In a recent display of executive power, the Obama administration issued a new rule making it easier for families to remain together while an immigrant family member applies for permanent residence.
In the past, many undocumented immigrants have been reluctant to apply for permanent residency because it meant they would have to leave the country to do so. But starting on March 4, if an undocumented immigrant can show that being away from his or her U.S.-citizen family members would constitute an "extreme hardship," the application process can start within the U.S.
Applicants will still have to pick up their visas in their native countries, but not having to leave the U.S. until that time will be a great relief for many immigrants. The new measure is designed to reduce the amount of time families have to spend apart during the application process.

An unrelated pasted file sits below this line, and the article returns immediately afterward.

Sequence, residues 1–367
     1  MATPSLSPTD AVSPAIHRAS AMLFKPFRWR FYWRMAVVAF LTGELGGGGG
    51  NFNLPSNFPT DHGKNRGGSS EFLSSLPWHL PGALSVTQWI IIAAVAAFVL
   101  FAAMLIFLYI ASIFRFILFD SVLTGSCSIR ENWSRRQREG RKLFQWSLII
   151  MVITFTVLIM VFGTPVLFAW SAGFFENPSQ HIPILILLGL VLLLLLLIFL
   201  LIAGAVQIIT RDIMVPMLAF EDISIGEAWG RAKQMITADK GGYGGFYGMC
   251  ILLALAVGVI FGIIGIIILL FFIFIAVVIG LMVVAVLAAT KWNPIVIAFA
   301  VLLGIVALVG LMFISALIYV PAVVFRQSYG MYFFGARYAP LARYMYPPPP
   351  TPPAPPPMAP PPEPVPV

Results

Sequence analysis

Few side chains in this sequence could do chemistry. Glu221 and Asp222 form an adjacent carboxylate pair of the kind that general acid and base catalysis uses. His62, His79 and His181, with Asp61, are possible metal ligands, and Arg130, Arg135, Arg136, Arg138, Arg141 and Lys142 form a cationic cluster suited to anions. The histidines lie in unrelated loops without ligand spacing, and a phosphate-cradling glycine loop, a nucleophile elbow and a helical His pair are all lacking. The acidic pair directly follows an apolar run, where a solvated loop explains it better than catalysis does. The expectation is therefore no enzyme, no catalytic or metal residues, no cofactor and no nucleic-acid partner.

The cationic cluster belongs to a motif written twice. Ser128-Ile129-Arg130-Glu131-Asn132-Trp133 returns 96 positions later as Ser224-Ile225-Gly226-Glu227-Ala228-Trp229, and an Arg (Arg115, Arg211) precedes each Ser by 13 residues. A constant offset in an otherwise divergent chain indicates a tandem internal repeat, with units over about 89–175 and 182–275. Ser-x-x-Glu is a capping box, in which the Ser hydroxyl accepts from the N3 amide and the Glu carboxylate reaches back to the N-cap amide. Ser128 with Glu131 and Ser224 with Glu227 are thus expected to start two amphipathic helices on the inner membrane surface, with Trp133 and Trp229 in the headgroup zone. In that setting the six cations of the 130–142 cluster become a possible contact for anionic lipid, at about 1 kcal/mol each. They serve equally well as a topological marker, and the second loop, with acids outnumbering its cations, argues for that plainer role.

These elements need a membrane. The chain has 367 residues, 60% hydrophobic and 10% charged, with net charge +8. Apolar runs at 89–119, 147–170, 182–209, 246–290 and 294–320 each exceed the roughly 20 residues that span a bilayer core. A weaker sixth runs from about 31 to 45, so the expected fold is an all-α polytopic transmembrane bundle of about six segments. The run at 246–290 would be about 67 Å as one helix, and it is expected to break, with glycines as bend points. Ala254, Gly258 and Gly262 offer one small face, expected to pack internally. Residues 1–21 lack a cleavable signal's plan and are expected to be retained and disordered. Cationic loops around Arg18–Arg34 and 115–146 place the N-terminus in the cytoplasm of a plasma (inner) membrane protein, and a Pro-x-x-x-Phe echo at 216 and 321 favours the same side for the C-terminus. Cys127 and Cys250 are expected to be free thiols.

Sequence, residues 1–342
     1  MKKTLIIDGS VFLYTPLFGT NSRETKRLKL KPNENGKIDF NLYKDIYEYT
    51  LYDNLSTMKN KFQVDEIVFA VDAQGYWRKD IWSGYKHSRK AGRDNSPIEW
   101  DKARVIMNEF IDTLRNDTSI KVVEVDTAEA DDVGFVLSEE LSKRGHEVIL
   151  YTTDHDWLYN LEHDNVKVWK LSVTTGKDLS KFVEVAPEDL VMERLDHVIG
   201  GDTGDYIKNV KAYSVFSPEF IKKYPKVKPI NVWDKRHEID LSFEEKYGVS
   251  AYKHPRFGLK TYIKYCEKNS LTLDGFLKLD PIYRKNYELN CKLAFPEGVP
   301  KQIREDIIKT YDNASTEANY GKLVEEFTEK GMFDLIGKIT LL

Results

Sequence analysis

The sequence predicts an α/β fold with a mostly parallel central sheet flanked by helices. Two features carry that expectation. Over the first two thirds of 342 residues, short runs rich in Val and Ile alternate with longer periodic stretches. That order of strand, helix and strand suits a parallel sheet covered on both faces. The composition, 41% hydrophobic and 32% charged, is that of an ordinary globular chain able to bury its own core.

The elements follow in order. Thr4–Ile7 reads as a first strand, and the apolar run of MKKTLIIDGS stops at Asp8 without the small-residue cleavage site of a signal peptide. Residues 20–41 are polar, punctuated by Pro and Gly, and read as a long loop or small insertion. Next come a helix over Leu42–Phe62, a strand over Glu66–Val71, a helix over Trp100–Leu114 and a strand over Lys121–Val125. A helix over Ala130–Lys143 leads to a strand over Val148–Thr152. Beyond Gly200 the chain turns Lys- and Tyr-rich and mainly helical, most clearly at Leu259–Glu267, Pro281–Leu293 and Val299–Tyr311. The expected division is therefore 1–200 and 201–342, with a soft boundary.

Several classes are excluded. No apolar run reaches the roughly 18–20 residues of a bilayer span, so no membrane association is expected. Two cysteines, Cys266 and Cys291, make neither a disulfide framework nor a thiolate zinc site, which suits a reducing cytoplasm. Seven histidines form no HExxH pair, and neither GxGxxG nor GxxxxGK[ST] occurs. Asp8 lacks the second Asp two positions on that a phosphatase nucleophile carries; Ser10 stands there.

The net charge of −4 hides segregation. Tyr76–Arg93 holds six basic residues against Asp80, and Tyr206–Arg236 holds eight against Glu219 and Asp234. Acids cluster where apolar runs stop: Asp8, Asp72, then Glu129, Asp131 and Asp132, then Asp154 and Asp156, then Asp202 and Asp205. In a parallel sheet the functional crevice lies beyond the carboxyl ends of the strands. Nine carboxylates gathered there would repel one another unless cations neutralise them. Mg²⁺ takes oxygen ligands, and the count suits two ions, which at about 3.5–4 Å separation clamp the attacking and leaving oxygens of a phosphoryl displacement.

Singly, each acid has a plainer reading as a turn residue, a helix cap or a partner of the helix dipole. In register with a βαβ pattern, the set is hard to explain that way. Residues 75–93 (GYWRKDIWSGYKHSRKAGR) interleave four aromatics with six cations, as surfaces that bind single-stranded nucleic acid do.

Too many immigration cases in past years have ended when a relative of a U.S. citizen was killed in another country while awaiting a decision on immigration status.
About one million undocumented immigrants in the U.S. could make use of the new rule.
On March 4, a "hardship waiver" could also be given to undocumented immigrants who have overstayed their visas. Before the new law, it was necessary for those who overstayed their visas to leave the country to apply for permanent residency.
"The change will have a significant impact on American families by greatly reducing the time family members are separated from those they rely upon," said the director of U.S. Citizenship and Immigration Services.
Many questions arise when it comes to family-based immigration. Family members who are seeking an adjustment of status or a green card would do well to consult with an immigration attorney who can clarify exactly what options are available.
Source: Los Angeles Times, "White House eases path to residency for some illegal immigrants," Brian Bennett, Jan. 2, 2013